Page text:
Astrologists have affirmed that this is a place in space where gravity yanks to a large extent that light cannot get out, this is owing to the fact that gravity at that section is great (Frolov and Zelnikov, 2011). Scientists have asserted that it is difficult to see black holes due to the assertion that light cannot get out through them however, space telescopes with special tools can be used to view and can even show the behaviors of stars around them (Burns, 2008).
It is important to note that black holes can be as small as the size of an atom but have a mass of a large mountain and in light of the statement, the largest black hole is called supermassive and scientists have found proof that every large galaxy contains a supermassive black hole at its center (Gilliland, 2015). “The smallest black holes were formed when the universe began and that stellar black holes are made when the center of a very big star falls in upon itself, or collapses causing a supernova while supermassive were formed at the time that the galaxy formed” (Keeton, 2014). Scientists have established that black holes cannot destroy the earth as they do not revolve in space eating stars, moons and planets (Keeton, 2014). Therefore, experts have attested that earth may not fall into black holes as there is none that is close enough to the solar system for earth to do that (Keeton, 2014).
Scientific importance of black holes
Scientifically, experts have accepted that black holes provide a platform for investigating and testing the fundamental laws of the universe (Raine and Thomas, 2010). The inexplicable concept of imagining how a black hole with a very large mass that is concentrated into such a small volume that the gravitational field generated is powerful enough to prevent anything from escaping its clutches (Raine and Thomas, 2010). This notion motivates scientists who have provided theories about the nature of matter, space and time to look into more intriguing facts of black holes in the space. Such investigations may generate big and vital ideas in fundamental science encompassing general relativity, quantum mechanics and cosmology together (Frolov and Zelnikov, 2011).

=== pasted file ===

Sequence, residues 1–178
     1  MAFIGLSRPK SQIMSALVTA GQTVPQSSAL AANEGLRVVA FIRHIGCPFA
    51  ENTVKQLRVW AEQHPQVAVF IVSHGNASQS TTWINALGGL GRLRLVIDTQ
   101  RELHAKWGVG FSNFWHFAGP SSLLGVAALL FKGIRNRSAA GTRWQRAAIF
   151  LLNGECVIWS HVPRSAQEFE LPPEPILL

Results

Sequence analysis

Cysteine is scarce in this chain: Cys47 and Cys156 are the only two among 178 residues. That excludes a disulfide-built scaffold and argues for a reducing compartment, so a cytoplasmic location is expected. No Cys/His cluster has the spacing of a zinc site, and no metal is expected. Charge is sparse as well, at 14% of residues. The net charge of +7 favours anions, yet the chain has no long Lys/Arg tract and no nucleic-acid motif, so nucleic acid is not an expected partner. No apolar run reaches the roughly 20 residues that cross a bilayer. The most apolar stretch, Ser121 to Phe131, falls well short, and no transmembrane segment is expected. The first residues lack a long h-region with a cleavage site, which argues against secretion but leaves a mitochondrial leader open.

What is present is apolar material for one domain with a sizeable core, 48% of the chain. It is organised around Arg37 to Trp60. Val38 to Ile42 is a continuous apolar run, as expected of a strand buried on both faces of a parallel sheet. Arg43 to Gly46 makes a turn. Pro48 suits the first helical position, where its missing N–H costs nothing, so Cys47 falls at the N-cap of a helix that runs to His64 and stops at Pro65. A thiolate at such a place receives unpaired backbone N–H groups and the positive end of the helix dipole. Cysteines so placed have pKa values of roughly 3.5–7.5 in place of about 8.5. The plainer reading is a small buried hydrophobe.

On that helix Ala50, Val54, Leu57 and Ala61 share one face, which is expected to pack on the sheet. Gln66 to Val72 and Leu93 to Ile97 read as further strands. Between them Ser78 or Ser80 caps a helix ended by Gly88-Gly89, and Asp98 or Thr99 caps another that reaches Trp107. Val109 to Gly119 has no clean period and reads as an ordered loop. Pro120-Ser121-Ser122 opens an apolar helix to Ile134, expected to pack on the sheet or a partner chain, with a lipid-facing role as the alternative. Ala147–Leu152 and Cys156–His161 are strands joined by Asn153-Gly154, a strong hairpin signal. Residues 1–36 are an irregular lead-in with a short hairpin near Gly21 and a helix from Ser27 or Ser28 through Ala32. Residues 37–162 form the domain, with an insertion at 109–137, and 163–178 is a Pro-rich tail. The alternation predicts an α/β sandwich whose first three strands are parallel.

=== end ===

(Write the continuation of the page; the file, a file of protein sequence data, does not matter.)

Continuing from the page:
There are current and future studies on black holes that will open new fields and expand knowledge in physics that in the process may lead to new technologies such as the generation of entangled pairs of photons as needed for quantum computing (Frolov and Zelnikov, 2011). In addition, new knowledge may see the creation of black hole; this may make them powerful in quantum computers that when coded may input instructions from black holes that are decoded via hawking radiation. NASA for instance, has been heavily involved in space research using satellites and telescopes in studying black holes thereby helping scientists in answering questions surrounding the universe (Raine and Thomas, 2010).
My view is that black holes have been important in current and future studies; knowledge from such studies will help in formulating equations that instill confidence in cosmology and may give accurate answers that make sense. There have been many theories and conspiracies brought forward by scientists that revolve around the universe and how the solar system was formed; the studies on space will be helpful in justifying and disapproving the existing notions (Frolov and Zelnikov, 2011).
Burns, C. (2008). Black hole. New York: Pantheon Books.
Frolov, V. P., & Zelnikov, A. (2011). Introduction to black hole physics. Oxford: Oxford
Gilliland, B. (2015). How to Build a Universe: From the Big Bang to the End of the Universe.
New Delhi: Sterling
Keeton, C. (2014). Principles of astrophysics: Using gravity and stellar physics to explore the
cosmos. New York: Springer.
Raine, D. J., & Thomas, E. G. (2010). Black holes: An introduction. London: Imperial College